I hope to get back to working on this framework soon. Our cyberocracy paper relates to it, but I never meant for it to be a major endeavor.

    One advantage of posting and sharing via SSRN is that the paper is not firmly published. After we see what other comments roll in, we could revise and repost.

    I commend you on the material here on your blog. I’ve spent more time than before in browsing it, and I’m impressed. I’m also pleased that you’ve helped circulate our paper.

    These are my personal, independent views (and Danielle’s may differ).


  5. Michel Bauwens

    From David Ronfeldt, via email:

    i’m delighted to see that you’ve treated my timn work well. yes, i had spotted your postings about it. that’s partly why i decided to include your name on my latest send-around: the cyboc paper.

    your email raises a lot of theoretical points, more than i can handle right now. maybe later, because this is all very interesting, and we are seeking in rather similar directions.

    but i do have one comment that i can offer quickly enough. it’s about fiske’s framework. there is some overlap with timn, but not exactly. i briefly explain this in a 2006 study you may not have seen yet that focuses on the tribal (t) form, but also contains material on the other timn forms (see url below).

    my take on fiske is different from your own. you equate the tribal form with equality-matching, but i equate it to his communal-sharing form. you think his communal-sharing form matches p2p nicely. in my view, none of his forms match the network form the way i’d like. here’s what i say there:

    “One psychologist (Fiske, 1993) posits that all social relationships reduce to four forms of interaction: communal sharing, authority ranking, equality matching, and market pricing. People develop their capacities for social interaction in that order, from infancy through early childhood. The sharing, ranking, and pricing forms correspond to the tribal, hierarchical, and market forms, respectively. The equality-matching form, which is mainly about equal-status peer-group behavior, does not correspond to any single form; it has some attributes that fit under network form, but other attributes (e.g., reciprocity, feuding, revenge) fit better under the tribal form.”

    the url for this (including for .pdf download) is: (Social Forms, 2006)

    a deeper issue here is whether the tribal and the network forms are all that different. i think they are. and i’d like them to be so. i write several pages about this. but as i note, if it turns out that the new network form is an upgraded version of the old tribal form, then the timn framework should be converted into a three-form framework, and what will come next later in spiral fashion is an upgraded version of the hierarchical form. hmm

  6. Michel Bauwens

    Hi David,

    I’m really surprised by your different interpretation of Fiske, and I must say that I missed the sequential interpretation that you mention (but then, I’ve read only the first 100 pages of his massive book)

    I have no doubt that communal sharing was important for the tribal form, within the family unit. Bear in mind that CS is a form of ‘general reciprocity’ which does not require an individual or precise counterpart. But everything I read so far, from Mauss ‘the gift’ and other accounts, show that as a society, goods where exchange on the basis of symmetry, not direct as in market trade, but definitely creating obligations of some form of return. For example, a potlach festival created a competition in giving, not an indifference to that process.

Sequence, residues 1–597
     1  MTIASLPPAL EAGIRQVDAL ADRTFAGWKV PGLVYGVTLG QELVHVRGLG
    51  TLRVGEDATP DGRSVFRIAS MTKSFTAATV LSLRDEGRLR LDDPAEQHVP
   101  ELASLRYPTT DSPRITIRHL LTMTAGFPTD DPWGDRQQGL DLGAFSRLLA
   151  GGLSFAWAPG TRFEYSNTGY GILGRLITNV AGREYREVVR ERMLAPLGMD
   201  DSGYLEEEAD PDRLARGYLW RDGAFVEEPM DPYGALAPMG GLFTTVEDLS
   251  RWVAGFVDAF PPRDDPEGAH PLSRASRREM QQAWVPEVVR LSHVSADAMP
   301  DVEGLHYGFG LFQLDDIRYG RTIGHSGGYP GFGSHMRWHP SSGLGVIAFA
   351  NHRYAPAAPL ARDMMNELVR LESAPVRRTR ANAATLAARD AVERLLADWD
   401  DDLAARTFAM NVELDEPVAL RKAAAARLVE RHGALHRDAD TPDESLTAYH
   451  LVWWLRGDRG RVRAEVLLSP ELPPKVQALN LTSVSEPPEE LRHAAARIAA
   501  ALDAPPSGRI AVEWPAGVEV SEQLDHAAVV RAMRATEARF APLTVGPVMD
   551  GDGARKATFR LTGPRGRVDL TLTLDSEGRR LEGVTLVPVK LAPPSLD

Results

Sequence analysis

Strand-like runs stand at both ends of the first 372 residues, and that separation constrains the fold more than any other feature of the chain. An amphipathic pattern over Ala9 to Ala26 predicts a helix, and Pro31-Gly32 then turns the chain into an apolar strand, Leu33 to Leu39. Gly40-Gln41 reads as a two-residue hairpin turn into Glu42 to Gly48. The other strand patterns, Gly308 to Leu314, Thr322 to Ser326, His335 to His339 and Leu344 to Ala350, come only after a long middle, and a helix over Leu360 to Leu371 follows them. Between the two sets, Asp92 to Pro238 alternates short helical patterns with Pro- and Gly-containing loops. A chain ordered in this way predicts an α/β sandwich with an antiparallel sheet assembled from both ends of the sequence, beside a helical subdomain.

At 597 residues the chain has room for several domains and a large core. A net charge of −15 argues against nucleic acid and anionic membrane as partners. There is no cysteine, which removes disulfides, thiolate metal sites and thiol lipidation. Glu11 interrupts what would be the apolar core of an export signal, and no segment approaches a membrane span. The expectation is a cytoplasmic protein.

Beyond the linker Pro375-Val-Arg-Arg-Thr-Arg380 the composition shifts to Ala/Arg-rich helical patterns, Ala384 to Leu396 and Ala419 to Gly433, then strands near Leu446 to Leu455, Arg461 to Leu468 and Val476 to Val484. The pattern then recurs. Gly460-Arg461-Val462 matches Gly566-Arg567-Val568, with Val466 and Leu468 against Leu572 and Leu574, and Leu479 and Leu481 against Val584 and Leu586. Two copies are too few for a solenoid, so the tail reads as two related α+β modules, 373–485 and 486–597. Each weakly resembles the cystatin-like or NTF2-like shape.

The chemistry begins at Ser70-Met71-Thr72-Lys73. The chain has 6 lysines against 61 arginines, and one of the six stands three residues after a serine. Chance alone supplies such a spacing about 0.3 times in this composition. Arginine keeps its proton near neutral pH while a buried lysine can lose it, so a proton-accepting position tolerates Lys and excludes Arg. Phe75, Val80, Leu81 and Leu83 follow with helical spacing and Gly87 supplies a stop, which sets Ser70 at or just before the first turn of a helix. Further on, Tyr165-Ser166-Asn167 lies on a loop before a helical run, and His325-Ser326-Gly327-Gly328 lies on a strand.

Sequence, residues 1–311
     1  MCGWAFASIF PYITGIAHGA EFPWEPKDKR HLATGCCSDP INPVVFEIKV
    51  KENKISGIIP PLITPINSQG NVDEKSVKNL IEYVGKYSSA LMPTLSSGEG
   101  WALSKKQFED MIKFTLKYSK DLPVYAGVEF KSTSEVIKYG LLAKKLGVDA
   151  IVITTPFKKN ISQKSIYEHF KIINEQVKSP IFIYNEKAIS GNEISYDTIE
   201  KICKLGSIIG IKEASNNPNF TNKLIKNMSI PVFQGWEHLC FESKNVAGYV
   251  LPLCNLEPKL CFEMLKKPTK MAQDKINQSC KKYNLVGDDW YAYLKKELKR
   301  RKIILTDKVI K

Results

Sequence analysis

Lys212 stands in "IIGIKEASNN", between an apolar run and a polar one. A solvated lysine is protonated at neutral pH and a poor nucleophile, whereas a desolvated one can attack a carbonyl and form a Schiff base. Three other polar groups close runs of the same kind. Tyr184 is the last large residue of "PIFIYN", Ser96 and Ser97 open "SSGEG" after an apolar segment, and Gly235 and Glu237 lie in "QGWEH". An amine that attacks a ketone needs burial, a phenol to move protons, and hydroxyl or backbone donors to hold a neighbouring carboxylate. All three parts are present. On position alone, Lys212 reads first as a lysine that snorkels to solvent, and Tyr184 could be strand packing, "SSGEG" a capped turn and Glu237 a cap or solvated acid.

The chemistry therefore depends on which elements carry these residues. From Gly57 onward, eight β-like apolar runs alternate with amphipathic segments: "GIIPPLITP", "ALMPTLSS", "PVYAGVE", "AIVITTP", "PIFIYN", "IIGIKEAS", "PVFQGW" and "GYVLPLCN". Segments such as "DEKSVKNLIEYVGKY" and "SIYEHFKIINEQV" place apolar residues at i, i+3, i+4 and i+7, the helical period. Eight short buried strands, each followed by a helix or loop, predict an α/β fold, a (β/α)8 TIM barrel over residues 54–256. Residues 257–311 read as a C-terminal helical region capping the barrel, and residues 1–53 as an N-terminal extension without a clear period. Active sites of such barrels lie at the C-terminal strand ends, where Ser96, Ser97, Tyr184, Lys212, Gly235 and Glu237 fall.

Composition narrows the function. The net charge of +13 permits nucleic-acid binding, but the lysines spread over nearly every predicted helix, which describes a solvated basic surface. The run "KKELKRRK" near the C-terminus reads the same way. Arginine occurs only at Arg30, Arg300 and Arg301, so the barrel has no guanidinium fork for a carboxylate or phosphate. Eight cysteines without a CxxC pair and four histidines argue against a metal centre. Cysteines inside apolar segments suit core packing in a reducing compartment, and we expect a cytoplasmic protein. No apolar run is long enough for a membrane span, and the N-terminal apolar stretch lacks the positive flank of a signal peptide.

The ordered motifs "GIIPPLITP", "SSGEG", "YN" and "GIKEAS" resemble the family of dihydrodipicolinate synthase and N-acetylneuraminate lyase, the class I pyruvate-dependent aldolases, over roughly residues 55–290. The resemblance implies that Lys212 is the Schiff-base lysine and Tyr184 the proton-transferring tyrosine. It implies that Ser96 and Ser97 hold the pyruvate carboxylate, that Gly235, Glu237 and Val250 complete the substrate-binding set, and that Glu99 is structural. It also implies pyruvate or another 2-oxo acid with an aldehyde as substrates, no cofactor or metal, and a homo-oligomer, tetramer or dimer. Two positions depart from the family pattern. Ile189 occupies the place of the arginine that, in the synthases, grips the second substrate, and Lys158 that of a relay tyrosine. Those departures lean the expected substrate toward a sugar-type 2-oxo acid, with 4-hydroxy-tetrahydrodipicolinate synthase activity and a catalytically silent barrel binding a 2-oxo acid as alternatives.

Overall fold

So for me, as a society, i.e. a grouping of tribals, to exist, they were in my mind necessarily organized around the gift exchange.

    To know if this is true we would have to answer the question: if a clan/tribe gave something away, did they expect a return or not. From what I’ve read, the answer is an unequivocal yes.

    Now we move to peer to peer. In free software and open knowledge, amongst the volunteers who participate, can anyone have a direct expectation from the other invididuals or collective? The answer is this time a unequivocal no. You contribute to the whole, you get a lot of indirect benefits (use of the whole, accrued reputational, knowledge, and relational capital), but no expectation of tit for tat returns. So it is without doubt, for me at least, not a gift economy of mutual obligations, but a clear form of CS.

    This being said, I expect no identical overlap between both of your framework

    – for example: tribal society combines CS and EM with minimal markets and hierarchical allocation

    – slave-based, feudal, tributary societies combine hierarchical allocation, with CS in the local agricultural communities, and a gifting competition of the nobles towards the spiritual bodies

    – market capitalism is based on the market pricing mechanisms, but could not exist without a strong state, and significant redistributory mechanisms to keep the social peace

    I expect the coming P2P society to be dominated, for its social, intellectual and cultural innovation, by CS dynamics, but surrounded, onion-like, by peer-informed market forms, revived forms of reciprocity, and new forms of hierarchical allocation that are compatible with its overall logic

    What the network society is concerned, I do not believe myself this is a valid concept, because we have hierarchical, decentralized and distributed networks, and only the latter allow for a deployment of the CS dynamic, in the field of abundant immaterial reproduction. Bear in mind that for scarcity-driven goods, this dynamic cannot fully operate, and will use market forms (as advocated by Kevin), and others yet to be invented.

    So, my view is that today we have a dominant market society, with networks forms of the 3 varieties, and emerging distributed p2p networks. Because of the dominance of the market form, all other formats are necessarily ‘market-informed’, though the already existing p2p networks have the strongest transcendendal potential vis a vis the market.